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5 Key Performance Indicators You Should Be Measuring

Keeping customers happy requires more than tracking customer satisfaction.

July 31st, 2017

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Emma Martins



 If you want to deliver fantastic customer service (CS), you need to be measuring your performance. You can’t improve – or even maintain the same level of quality – if you don’t know how well (or not) you’re already doing. That’s where key performance indicators (KPI’s) come in. After all, your CS is only as good as you can prove it to be.

What is a KPI?

A KPI is a measurable index that is set by the business. They can be as simple as “revenue per day” or more complex like “average customer spend per hour”. It really depends on what you want to measure; the entire point of a KPI is that it is an indicator of success or failure within the company. But you need to make sure you're measuring the correct KPI's to show off your wins, and to identify any shortcomings before they become a problem. In CS, KPI’s are vital to improve your service. They can be communicated to each operator so that they always have tangible goals to work toward. And that’s exactly what we do at FM. Here are the 5 KPI's that we recommend every contact centre measure.

Quality Score: 

Each interaction our operators encounter is measured for its quality. We use our own internal assessment system (we can't divulge the specifics; that would be telling) and combine that with customer feedback to reach our final score. You can decide what you want to include in your own surveys and internal assessment, meaning quality scores can really be based on anything. If the length of interactions is important to your overall calibre, go ahead and include it. 

Quality is the most important aspect of CS to FM

But, most importantly, quality scores should really focus on how happy the customer is. Customers should be saying that their problems were resolved and that they were satisfied by the operator's service for them to receive higher scores.   

There are KPI's that can measure these things to a higher degree of accuracy, such as customer satisfaction and first contact resolution, and these KPI's should in no way be discounted. But, quality scores allow you and your supervisors to get a much broader view of the standard of service your operators are offering. According to our Chief Operating Officer, Sally Chandler, "nothing comes close to quality. Putting the customer at the heart of everything we do is what I love most about FM Outsource."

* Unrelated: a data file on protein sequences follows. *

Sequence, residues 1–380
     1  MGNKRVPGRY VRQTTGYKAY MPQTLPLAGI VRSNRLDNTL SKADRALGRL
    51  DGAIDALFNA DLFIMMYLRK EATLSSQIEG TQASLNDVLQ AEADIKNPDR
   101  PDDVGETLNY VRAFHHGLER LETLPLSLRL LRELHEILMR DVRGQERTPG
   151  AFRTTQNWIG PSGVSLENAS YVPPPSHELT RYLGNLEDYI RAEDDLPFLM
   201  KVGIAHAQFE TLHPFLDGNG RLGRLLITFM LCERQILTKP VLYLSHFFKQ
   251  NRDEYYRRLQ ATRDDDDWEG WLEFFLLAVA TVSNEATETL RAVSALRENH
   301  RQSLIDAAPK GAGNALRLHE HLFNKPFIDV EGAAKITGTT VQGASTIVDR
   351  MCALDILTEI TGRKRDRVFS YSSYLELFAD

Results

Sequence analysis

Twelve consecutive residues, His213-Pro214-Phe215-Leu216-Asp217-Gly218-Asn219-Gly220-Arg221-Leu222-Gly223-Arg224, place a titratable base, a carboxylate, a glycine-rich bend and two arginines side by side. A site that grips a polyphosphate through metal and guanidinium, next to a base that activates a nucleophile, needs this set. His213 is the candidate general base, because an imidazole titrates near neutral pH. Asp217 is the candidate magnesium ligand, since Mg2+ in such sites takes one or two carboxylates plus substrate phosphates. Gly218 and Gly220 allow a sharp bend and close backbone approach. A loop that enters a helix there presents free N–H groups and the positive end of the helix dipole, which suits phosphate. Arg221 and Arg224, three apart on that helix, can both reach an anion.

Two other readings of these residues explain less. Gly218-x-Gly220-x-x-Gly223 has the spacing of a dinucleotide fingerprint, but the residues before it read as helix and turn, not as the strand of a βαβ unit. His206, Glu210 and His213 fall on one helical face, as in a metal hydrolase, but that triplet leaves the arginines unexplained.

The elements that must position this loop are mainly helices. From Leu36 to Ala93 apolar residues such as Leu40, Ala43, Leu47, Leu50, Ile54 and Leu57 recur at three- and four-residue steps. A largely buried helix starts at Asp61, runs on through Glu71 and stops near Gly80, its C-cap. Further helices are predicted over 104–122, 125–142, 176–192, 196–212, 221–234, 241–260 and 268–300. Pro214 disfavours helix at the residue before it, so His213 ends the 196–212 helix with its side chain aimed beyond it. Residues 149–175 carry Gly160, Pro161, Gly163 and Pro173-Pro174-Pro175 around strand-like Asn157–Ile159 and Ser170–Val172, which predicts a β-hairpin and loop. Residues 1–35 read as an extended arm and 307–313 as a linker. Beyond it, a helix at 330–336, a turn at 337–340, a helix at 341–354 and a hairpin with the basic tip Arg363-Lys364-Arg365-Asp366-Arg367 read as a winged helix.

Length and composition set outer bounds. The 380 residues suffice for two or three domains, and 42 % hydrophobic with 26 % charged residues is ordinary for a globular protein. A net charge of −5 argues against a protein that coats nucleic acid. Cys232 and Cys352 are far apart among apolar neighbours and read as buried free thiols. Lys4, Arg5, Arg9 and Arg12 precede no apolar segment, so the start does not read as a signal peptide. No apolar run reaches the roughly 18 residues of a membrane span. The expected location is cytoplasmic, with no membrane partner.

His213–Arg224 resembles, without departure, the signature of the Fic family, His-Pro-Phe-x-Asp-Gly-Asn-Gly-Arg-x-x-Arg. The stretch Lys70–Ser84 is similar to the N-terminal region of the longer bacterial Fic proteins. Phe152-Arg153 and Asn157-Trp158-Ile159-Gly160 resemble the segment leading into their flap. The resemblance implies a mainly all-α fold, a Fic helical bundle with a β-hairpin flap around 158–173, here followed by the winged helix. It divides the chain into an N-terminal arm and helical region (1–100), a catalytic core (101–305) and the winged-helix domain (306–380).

Operator Knowledge: 

According to our Head of Customer Care, Daniel Foster, "whilst quality is the most important aspect to FM, it’s not the only one and operators have to demonstrate a good ongoing knowledge of the brand..." Brand knowledge, as well as product and service knowledge, are incredibly important for an operator. And, as such, it's a good idea to measure what your operators know. Whilst every company has some kind of training, it isn't common enough for companies to refresh that training as often as they should.  

At FM, our operators receive weekly quizzes about best practices, brand standards, and product/service knowledge of the client they're representing. By doing this, we're able to measure how knowledgeable our operators are and, by association, what kind of service they're offering customers. Any advisor who is out of touch with the brand may not be giving out accurate advise, or maybe isn't delivering it to level of professionalism the client expects. We can avoid all that by refreshing the knowledge of our operators that have received low marks in their quiz. That means our clients' customers always have a seamless experience with us.  

Customer Satisfaction (CSat) & Net Promoter Score (NPS):

These two KPI’s go hand-in-hand. Although you don’t have to measure both, they use different ways to measure the same thing: how happy your customers are.

CSat is the more broad of the two. CSat simply asks customers 'how satisfied are you with our service?'. Customers are usually asked to pick one of a few answers, such as 'very satisfied'. A percentage is produced by measuring how many of the respondents replied with positive answers. Essentially, a CSat score is an indication of how many of your customers are happy. Your operators should always be trying to push up that CSat score – happy customers are loyal customers, after all.

NPS works a little differently. NPS asks customers how likely they are to recommend a brand by indicating that on a scale of 0-10. This allows you to understand how customers are feeling with a little more accuracy. A '6' and a '7' are obviously different, but they might both fall under 'mostly satisfied' with CSat. NPS focuses on something called detractors. Since customers are more likely to leave a review if they’re unhappy, NPS factors that in. Detractors (often any number below 5 or 6) take away from your score. Promotors (usually numbers around 8 or above) add to your score. This way, you begin to form a more balanced number to see how far you still have to go to improve.